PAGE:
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Boss asks you to lie. Would you?

August 11, 2009

I’ve commented on this before but I saw something yesterday that reminded me how real this is.

The phone rings. Its your supplier. Is the payment ready? he asks. Can he come by to pick up the check tomorrow as promised?

Your boss overhears your conversation and gestures at you silently. “Yes, yes,” he lipsyncs, “Tomorrow 3 o’clock!”

You know very well that’s not gonna happen because the accountant is away and no one can issue checks but her. But this is the 3rd time this supplier had called this week.

So do you lie to the caller as instructed and go home relieved that you’re in your boss’s good books?

Or do you tell the truth, go home with a clean conscience and find yourself searching for another job in a month’s time?

If you are an employee, there’s a few universal criteria on keeping your job. One of ’em is to be “resourceful” or be able to think on your feet. Yep, finding clever ways of getting out of sticky situations.

You’ll learn that sometimes it means telling clients what they want to hear. Once you successfully get them off your back using this technique, its easier to repeat it the 2nd and 3rd time. Soon, you get the hang of being “resourceful.”

And then you start sliding down the slippery slope.

You’ve been reminded a few times. Over here, everyone’s measured by the co’s bottom line, not by how many truths and untruths you tell. The company doesn’t care how you do your job, only that you get it done.

Its the dilemma of a lot of honest people in the workforce.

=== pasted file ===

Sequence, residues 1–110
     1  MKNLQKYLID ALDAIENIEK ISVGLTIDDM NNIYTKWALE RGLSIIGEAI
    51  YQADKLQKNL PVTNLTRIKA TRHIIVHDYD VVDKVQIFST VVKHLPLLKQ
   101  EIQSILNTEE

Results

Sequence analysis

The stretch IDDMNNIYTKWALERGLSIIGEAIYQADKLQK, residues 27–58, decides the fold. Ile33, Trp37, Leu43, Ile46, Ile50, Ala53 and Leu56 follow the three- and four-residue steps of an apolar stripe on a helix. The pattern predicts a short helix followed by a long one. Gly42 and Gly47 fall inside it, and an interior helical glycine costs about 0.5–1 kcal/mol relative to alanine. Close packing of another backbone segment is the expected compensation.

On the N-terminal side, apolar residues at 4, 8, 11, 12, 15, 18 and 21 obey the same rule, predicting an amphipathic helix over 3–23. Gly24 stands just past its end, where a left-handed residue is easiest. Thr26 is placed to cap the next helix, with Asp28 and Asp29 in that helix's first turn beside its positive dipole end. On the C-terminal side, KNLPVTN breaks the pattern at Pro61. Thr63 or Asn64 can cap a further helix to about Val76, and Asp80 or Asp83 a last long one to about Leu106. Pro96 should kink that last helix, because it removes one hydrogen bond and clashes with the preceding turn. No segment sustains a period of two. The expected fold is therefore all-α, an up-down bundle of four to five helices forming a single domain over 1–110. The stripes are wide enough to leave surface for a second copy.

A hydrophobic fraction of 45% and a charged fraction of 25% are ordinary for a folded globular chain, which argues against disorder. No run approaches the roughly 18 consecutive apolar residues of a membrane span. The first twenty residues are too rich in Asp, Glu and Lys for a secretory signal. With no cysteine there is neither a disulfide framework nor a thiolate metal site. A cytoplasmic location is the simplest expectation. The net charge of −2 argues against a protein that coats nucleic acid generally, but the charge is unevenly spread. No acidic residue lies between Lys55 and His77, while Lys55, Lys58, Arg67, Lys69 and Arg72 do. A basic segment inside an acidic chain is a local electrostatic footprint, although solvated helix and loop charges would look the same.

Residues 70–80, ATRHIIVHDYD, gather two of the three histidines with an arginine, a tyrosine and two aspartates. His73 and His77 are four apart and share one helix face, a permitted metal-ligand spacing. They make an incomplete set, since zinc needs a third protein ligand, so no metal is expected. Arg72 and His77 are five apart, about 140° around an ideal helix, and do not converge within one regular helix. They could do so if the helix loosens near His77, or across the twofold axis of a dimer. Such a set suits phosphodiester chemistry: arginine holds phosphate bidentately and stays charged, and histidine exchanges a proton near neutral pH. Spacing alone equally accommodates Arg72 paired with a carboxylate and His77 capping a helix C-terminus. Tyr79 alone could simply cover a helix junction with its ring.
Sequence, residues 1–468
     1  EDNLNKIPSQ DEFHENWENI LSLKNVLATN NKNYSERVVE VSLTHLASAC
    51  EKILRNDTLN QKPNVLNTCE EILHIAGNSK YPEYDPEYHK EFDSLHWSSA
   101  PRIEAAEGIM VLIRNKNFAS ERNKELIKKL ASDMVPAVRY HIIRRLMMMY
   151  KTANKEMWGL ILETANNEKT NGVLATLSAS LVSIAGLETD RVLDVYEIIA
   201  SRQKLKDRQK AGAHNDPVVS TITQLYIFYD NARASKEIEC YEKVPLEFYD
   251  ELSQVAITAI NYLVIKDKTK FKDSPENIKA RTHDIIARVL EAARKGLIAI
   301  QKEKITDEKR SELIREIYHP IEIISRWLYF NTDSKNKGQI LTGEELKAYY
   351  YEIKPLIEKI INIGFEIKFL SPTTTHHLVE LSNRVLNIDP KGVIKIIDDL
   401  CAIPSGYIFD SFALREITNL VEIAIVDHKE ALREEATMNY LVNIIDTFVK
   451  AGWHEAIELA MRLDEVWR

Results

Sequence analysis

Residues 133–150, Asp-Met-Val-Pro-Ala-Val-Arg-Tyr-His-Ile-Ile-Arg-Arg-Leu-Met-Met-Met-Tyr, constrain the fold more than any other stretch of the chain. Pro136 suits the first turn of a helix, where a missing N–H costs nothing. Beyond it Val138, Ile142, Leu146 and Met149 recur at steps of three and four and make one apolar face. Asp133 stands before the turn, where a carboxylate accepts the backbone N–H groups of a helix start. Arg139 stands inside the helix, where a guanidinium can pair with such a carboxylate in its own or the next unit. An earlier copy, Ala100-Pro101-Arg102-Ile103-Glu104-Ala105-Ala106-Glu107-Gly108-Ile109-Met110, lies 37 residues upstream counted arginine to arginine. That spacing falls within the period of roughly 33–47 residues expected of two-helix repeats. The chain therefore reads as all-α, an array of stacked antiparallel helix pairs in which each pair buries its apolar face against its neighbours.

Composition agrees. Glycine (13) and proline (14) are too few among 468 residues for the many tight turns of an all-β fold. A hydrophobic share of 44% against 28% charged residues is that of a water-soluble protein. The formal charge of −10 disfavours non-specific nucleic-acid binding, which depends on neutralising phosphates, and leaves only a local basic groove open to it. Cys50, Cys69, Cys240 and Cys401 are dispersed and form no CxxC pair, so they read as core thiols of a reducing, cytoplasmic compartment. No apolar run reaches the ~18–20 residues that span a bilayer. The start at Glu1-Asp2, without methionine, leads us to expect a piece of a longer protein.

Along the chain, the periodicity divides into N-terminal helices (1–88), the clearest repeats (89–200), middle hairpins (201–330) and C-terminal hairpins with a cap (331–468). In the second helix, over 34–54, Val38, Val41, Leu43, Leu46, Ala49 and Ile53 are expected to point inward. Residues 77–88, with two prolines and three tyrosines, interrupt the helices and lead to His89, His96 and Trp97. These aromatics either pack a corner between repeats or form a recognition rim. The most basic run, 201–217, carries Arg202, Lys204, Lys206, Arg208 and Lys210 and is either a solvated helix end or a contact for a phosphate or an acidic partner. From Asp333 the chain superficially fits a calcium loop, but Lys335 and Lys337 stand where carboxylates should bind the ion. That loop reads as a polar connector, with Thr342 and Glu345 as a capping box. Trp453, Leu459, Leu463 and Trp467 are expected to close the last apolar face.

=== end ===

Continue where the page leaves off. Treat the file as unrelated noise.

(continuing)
Do I bend the truth and live to fight another day?

Or do I tell the truth, get labeled “unresourceful” and be doomed to a future of licking stamps?

Now if you are an entreprenuer, you’ll appreciate the advantage of being known as an honest businessman.

The only thing you gotta do is figure out is who’s likely to score with the client first. Is it the businessman who honestly says, “I think I can get it done in a week. I can’t promise you but I’ll try my best,” or the one that confidently says, “Sure, I’ll get it done in a week!” and then apologize later for being late.

Remember in a dog eat dog world, the golden rule is sign the contract first. Worry about how to deliver later.

3 Comments leave one →
  1. August 11, 2009 8:38 am

    Just wanted to say HI. I found your blog a few days ago on Technorati and have been reading it over the past few days.

  2. August 11, 2009 8:28 pm

    Good post. I think it depends on how desperate you are to cling on to the job. If you got nothing to lose, I bet you will prefer to be honest and go find another job. But if you are desperately holding on……then you’ll do whatever you are told to do and in this case, be “resourceful”.

    And if you’re a professional who uses your very own name to do stuff….that’s even worse.

    It is tough when you’re put in a spot to choose between breaking your principles or your rice bowl. Most would opt to be “practical” and just do what the system wants them to do. Those who prefer to keep their principles need to be prepared to stand up on their own, and remember not to adopt the same practices when they become company owners themselves.

  3. August 12, 2009 10:30 pm

    Ahaha… our boss used to say, “I don’t tell you to lie. Just don’t tell the customer the truth….”

    When I was working, I used pass such calls directly to my supervisor without asking him. One day he asked me why and I told him I’m such a bad liar they will know if I try. 🙂

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